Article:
However, there doesn`t look to be much in the way of cold air behind
this system, so have Monday highs ranging from the upper 60s to mid
70s. A brief dry period is expected Monday night through Tuesday as
a mid-level ridge moves into the central U.S., along with surface
high pressure.

Focus then shifts to the mid-level trough that begins to develop
across the Pacific Northwest on Tuesday and progresses eastward into
the Northern and Central Plains from mid to late week. Models are
continuing to highlight the potential for a few embedded shortwaves
to develop along the southeastern edge of the trough, with enough
mid-level lift to potentially support the development of some
scattered showers and thunderstorms. However, model soundings show
that if anything were able to develop it would be very high based as
conditions remain quite dry up to at least 700mb. While confidence
remains low with this activity, have kept slight to low-end chance
PoPs in for Tuesday night into Wednesday due to the consistency
amongst the models. High temperatures for Wednesday should soar
several degrees above the seasonal normals as strong southerly flow
helps to advect warmer air into the region. Have continued to trend
upward with temperatures, with highs in the mid 70s to low 80s.

Wednesday night into Thursday, models show the large mid-level
trough swiftly tracking across the Rockies into the Northern and
Central Plains, which will help to push an area of surface low
pressure into the area along with an associated cold front. The 12z
GFS has started to trend more toward the consistently progressive
ECMWF solution, however there are still minor differences with the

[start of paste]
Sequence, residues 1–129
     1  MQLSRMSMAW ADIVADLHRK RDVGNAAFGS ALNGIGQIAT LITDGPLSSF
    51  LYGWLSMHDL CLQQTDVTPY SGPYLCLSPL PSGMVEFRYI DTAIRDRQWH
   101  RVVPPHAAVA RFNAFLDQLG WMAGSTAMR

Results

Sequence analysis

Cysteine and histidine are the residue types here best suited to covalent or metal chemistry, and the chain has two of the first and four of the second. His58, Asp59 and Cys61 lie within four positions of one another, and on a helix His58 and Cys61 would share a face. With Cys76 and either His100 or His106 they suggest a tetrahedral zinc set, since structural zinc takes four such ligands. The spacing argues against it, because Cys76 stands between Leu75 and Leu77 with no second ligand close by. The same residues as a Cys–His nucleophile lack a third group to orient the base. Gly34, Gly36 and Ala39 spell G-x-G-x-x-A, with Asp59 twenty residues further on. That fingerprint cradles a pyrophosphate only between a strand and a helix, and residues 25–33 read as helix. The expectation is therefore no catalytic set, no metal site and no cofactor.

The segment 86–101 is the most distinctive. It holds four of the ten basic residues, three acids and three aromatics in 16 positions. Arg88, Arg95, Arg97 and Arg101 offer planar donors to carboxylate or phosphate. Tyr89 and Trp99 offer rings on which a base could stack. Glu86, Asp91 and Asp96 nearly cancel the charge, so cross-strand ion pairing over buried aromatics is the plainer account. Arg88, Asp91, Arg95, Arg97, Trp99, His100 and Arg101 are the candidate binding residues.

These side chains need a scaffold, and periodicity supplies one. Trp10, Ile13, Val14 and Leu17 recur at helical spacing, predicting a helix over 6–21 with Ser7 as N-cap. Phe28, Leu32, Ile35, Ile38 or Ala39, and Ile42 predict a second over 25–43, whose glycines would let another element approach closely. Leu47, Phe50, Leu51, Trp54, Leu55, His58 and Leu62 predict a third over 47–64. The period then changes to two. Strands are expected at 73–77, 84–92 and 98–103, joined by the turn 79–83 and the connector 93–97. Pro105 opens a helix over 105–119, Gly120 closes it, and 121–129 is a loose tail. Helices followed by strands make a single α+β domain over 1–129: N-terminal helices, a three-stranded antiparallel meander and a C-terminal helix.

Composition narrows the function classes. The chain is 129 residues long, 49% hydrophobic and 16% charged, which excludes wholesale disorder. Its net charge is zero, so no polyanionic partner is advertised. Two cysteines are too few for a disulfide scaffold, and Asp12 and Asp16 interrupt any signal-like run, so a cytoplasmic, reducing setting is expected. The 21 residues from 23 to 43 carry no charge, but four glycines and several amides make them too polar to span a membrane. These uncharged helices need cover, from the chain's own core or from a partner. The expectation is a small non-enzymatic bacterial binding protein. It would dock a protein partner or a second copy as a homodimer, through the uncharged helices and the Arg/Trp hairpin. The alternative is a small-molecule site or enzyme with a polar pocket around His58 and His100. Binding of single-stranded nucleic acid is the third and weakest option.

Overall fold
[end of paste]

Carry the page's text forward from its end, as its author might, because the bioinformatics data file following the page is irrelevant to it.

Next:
exact timing of the frontal passage. The ECMWF has the cold front
tracking east of the area by mid morning while the GFS has it moving
through by early afternoon. Models show showers and thunderstorms
developing generally along and behind the cold front and in the
vicinity of the dryline, but with the progressive nature of this
system precipitation may quickly track across the area through the
day, drying out from west to east during the afternoon hours. On
Thursday, while there looks to be decent 0-6km shear (40-50kts),
MUCAPE may be limited to less than 700 J/kg. Will continue to
fine-tune the details with future forecast updates, but have gone
ahead and gone dry for Thursday night with the trending faster
solutions. Expect slightly cooler conditions behind this system for
the end of the week into the weekend with high temperatures dropping
into the mid 60s to low 70s. Another weak wave may clip the region
on Saturday, but have only slight chance PoPs in due to model
uncertainty this far out in the forecast.

&&

.AVIATION...(For the 18Z TAFs through 18Z Sunday Afternoon)
Issued at 1148 PM CDT SAT APR 19 2014

VFR conditions should continue to dominate. Will go ahead with
LLWS mention given radar and higher resolution model data. Still
not highly confident in TSRA timing and coverage, but enough
uptick in activity expected to warrant VCTS during peak heating,
with likely slow movement and high water content leading to IFR
visibilities in any storm at the terminals.

&&

.TOP WATCHES/WARNINGS/ADVISORIES...
NONE.
&&

$$

SHORT TERM...Gargan
LONG TERM...Hennecke
AVIATION...Gargan